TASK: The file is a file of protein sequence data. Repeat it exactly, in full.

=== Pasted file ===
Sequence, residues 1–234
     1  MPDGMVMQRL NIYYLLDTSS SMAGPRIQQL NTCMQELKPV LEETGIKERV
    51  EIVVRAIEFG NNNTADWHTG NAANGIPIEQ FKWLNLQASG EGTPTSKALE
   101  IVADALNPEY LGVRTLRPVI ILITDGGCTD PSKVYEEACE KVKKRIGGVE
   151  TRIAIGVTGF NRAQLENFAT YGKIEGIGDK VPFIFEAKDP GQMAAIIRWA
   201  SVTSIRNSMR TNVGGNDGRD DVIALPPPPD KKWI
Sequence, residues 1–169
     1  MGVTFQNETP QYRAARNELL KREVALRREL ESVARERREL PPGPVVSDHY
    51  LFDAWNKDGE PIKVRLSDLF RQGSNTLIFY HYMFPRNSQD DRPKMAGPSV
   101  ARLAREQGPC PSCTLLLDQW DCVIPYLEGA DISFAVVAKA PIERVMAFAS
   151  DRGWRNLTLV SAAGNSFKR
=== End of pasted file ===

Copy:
Sequence, residues 1–234
     1  MPDGMVMQRL NIYYLLDTSS SMAGPRIQQL NTCMQELKPV LEETGIKERV
    51  EIVVRAIEFG NNNTADWHTG NAANGIPIEQ FKWLNLQASG EGTPTSKALE
   101  IVADALNPEY LGVRTLRPVI ILITDGGCTD PSKVYEEACE KVKKRIGGVE
   151  TRIAIGVTGF NRAQLENFAT YGKIEGIGDK VPFIFEAKDP GQMAAIIRWA
   201  SVTSIRNSMR TNVGGNDGRD DVIALPPPPD KKWI
Sequence, residues 1–169
     1  MGVTFQNETP QYRAARNELL KREVALRREL ESVARERREL PPGPVVSDHY
    51  LFDAWNKDGE PIKVRLSDLF RQGSNTLIFY HYMFPRNSQD DRPKMAGPSV
   101  ARLAREQGPC PSCTLLLDQW DCVIPYLEGA DISFAVVAKA PIERVMAFAS
   151  DRGWRNLTLV SAAGNSFKR